Blended families that involve biological parents and stepparents are not uncommon, but finding a way to balance the parenting styles and experiences of each parent can be challenging. Discipline can be an especially tricky area because parents might have different beliefs about the best way to discipline children. A stepfather might want to support his new partner in parenting his stepdaughter, including taking disciplinary measures when necessary. His own comfort level and the preferences of his partner should determine his level of involvement.
Although it’s preferable for stepparents and biological parents to arrive at amicable agreements with regard to disciplinary responsibilities, stepfathers, as custodians, do have some legal authority in a child’s discipline to a reasonable degree in some states, according to the Divorce Source Divorce Research Center. Because incidents of abuse by stepparents of stepchildren are higher than incidents involving biological parents, stepfathers might take a more conservative approach in disciplining stepchildren in order to protect themselves.
Stepfathers might have positive intentions, but unknowingly create problems by entering their new households with the wrong attitudes. According to Stepfamilies.org, a stepfather sometimes enters a new household with the attitude that he will now take over; for example, saying “Now I’m the father.” This can cause resentment for a stepdaughter who feels loyal to her biological father. When stepfathers take on an authoritative, discipline-oriented role too early in the relationship, this can make it harder to build a positive relationship with stepchildren. In some cases, relationships between stepfathers and stepdaughters can become more conflicted over time, according to the National Stepfamily Resource Center. Resentment between stepfathers and stepchildren can become cyclic, making it more difficult to build positive relationships.
In the Empowering Parents.com article “Blended Family? The 5 Secrets of Effective Stepparenting," authors Carri and Gordon Taylor state that stepparents gain more ground when they defer to biological parents in disciplinary matters. This might be especially true when stepfathers defer to biological mothers, since children will observe that their mothers uphold their respected position in the home. Stepfathers should maintain a consistent presence, but should not feel obligated to play the “heavy” when it comes to discipline. Taking a supportive backseat to the mother’s accustomed discipline tactics also will help set your stepdaughter at ease.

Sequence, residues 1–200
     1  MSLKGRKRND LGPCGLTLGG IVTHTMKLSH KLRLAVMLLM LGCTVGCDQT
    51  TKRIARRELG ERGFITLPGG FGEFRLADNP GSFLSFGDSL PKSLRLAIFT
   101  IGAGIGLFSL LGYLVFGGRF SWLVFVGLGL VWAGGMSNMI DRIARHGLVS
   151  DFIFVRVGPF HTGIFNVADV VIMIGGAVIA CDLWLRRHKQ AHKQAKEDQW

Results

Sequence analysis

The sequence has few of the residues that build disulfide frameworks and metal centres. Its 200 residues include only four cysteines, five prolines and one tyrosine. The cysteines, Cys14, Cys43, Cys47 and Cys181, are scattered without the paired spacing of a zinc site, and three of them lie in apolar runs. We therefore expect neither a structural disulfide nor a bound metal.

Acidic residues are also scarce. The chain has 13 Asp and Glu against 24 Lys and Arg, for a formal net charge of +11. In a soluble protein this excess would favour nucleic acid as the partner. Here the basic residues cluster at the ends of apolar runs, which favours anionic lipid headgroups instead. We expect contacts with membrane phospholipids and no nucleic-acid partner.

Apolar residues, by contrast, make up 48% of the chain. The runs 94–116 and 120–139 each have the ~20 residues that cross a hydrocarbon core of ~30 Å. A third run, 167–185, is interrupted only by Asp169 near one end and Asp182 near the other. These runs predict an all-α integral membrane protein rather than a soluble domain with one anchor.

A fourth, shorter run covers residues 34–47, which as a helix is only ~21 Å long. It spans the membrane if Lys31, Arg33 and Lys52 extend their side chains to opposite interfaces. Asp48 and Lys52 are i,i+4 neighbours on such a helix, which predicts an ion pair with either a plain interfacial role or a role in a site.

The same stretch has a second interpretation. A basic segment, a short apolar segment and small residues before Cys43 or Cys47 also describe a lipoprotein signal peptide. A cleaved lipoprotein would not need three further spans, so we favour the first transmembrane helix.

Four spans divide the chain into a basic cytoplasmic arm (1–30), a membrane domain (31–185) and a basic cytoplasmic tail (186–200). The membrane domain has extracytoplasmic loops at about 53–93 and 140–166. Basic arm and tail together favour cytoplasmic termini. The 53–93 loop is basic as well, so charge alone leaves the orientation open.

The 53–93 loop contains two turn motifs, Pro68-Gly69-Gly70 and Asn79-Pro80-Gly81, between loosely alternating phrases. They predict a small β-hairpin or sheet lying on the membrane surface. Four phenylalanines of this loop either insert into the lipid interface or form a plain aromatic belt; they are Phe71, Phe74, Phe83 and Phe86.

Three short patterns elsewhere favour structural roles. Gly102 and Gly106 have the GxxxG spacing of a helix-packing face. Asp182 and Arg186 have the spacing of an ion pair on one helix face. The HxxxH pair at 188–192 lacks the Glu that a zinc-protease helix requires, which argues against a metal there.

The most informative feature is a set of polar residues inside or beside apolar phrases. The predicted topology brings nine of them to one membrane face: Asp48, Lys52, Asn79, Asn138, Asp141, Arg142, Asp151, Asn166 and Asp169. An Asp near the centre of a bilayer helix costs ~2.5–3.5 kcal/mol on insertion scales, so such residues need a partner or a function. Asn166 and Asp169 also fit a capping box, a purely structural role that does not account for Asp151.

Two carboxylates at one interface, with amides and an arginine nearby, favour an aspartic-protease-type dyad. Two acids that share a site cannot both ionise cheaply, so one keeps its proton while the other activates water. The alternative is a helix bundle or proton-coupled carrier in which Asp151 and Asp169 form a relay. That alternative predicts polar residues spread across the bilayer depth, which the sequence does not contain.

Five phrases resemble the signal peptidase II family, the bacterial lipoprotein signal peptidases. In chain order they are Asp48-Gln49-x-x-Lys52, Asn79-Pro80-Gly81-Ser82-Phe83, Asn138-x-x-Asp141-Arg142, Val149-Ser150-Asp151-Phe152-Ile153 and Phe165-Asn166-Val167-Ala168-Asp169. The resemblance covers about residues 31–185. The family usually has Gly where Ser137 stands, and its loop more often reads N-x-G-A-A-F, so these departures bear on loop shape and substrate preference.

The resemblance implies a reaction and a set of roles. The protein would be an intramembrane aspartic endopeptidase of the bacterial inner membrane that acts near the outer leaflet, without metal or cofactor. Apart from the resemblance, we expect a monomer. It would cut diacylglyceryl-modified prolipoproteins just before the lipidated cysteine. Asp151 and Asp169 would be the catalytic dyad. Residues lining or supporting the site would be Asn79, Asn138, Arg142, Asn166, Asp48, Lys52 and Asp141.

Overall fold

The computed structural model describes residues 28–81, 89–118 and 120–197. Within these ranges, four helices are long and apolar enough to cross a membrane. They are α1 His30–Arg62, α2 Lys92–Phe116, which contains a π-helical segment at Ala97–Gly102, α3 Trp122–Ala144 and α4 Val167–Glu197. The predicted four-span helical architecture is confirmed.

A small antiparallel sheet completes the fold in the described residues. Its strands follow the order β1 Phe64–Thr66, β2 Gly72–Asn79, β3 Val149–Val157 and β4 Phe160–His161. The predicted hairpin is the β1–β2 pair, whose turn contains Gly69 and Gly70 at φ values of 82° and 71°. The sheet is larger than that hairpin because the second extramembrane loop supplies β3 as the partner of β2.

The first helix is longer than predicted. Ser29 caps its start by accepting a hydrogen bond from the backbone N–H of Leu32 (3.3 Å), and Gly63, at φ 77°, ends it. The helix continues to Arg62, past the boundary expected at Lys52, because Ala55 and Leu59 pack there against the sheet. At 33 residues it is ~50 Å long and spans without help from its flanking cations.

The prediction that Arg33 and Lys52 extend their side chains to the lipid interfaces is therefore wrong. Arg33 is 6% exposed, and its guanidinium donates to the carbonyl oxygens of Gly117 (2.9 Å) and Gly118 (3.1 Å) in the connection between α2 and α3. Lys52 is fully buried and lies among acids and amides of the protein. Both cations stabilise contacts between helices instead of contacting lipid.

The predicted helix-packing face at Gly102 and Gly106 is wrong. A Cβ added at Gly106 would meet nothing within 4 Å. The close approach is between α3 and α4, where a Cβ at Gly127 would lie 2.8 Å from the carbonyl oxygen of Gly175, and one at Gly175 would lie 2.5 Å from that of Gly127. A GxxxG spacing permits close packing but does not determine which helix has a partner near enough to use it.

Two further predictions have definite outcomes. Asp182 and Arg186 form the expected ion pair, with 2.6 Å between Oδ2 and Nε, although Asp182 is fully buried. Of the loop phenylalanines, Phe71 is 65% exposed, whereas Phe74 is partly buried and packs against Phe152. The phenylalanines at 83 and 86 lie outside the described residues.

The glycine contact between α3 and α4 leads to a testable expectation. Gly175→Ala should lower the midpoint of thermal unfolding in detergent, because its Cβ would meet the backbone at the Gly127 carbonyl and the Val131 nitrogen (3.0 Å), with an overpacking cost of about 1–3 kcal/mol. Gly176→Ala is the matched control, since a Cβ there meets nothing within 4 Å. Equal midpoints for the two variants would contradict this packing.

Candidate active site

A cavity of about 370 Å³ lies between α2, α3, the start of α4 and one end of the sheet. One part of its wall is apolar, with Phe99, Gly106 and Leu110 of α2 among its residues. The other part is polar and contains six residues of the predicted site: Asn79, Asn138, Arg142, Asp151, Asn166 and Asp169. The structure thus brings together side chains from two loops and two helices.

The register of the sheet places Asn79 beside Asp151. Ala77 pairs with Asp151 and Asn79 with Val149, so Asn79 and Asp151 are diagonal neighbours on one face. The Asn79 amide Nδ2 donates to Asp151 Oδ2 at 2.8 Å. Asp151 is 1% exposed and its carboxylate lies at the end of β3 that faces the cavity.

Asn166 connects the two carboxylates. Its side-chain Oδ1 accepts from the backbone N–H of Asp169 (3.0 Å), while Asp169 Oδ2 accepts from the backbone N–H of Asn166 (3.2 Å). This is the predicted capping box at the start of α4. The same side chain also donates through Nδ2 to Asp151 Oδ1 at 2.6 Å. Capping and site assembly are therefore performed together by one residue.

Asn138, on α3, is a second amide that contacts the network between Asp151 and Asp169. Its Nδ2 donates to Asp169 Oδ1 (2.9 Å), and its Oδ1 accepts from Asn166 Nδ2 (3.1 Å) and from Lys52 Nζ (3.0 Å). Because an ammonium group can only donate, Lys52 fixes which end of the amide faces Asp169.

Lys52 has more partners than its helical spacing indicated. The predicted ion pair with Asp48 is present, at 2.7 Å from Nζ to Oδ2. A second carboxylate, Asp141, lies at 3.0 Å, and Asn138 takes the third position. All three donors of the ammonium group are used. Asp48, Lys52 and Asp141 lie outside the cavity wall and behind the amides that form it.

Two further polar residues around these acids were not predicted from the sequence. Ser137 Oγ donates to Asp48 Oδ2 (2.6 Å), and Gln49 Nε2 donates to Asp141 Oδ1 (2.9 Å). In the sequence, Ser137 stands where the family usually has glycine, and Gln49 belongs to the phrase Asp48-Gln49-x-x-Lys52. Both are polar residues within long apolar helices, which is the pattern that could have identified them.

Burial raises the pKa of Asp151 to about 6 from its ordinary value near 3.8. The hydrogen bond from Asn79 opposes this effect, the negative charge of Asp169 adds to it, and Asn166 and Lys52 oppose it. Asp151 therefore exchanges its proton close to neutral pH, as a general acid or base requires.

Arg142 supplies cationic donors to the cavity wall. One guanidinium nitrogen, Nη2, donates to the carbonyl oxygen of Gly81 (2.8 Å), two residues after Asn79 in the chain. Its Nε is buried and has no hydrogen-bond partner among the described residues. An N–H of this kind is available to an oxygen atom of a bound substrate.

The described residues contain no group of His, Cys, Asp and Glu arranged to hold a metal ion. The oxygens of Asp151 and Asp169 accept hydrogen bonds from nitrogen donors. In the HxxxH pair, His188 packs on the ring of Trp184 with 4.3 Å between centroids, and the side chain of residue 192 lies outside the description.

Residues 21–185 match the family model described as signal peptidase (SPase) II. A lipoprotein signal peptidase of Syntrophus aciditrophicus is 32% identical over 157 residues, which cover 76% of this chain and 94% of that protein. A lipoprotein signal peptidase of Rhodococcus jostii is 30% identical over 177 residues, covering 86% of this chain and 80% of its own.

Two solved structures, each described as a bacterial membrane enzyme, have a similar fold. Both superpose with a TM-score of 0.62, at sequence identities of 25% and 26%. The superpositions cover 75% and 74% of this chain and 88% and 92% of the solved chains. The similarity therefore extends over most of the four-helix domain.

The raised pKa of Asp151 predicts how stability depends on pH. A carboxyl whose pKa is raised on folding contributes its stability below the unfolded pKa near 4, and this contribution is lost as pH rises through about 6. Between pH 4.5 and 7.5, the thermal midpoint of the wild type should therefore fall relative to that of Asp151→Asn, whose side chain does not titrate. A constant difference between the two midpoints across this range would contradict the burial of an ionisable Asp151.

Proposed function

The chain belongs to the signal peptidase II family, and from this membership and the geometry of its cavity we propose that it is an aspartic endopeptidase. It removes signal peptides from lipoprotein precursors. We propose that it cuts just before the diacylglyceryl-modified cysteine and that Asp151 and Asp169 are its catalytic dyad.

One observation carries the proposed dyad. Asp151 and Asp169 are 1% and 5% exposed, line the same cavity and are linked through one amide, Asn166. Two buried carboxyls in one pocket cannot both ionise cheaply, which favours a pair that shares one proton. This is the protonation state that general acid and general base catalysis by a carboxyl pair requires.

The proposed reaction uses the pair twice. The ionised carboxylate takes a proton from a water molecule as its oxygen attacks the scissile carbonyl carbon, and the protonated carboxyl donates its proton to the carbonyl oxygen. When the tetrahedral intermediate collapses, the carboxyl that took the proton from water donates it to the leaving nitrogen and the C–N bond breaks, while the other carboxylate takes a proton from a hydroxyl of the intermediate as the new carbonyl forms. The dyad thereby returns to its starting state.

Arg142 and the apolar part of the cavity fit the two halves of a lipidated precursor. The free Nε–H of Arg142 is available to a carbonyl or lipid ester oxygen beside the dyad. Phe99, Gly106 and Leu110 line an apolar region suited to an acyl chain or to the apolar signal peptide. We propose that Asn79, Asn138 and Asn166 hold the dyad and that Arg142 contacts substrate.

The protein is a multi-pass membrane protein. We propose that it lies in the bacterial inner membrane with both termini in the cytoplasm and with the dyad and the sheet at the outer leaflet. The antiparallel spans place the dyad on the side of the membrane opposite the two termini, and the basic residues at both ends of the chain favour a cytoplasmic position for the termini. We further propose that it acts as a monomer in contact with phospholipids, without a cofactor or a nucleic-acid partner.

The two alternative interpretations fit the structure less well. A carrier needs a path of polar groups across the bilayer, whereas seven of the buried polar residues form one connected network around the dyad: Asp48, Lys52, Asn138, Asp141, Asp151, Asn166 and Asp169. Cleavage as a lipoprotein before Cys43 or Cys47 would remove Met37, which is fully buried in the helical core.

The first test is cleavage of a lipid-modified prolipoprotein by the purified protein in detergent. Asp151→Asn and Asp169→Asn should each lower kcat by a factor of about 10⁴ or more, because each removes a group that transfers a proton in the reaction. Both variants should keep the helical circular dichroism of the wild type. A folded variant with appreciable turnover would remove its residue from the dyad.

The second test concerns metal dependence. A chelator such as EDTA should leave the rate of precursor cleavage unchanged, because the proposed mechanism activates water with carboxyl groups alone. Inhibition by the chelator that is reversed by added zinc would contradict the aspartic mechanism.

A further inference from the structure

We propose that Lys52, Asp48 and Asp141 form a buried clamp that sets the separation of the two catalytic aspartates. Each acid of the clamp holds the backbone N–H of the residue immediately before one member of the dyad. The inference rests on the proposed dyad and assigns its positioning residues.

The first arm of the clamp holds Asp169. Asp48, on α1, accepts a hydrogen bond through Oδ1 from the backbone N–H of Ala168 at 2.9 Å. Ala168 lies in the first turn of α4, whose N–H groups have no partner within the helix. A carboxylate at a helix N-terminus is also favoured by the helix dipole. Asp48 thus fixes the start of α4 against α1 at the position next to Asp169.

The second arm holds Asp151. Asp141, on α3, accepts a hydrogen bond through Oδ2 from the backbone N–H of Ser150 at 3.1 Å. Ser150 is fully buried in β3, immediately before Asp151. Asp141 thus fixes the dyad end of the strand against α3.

Parents should take into consideration the age of their children when a stepfather joins the family. Biological parents, the stepfather and the stepdaughter might feel less comfortable with a stepfather taking an active disciplinary role if the daughter is older, according to the Dr. Phil.com article, “What Role Should a Stepparent Play?” Biological parents might remain the primary disciplinarians, while it becomes the stepfather’s role to actively support the disciplinary goals and strategies of the biological parents. Stepfathers can discuss and agree on house rules with biological parents, negotiating behavior standards and expectations for children so that their perspectives are taken into consideration.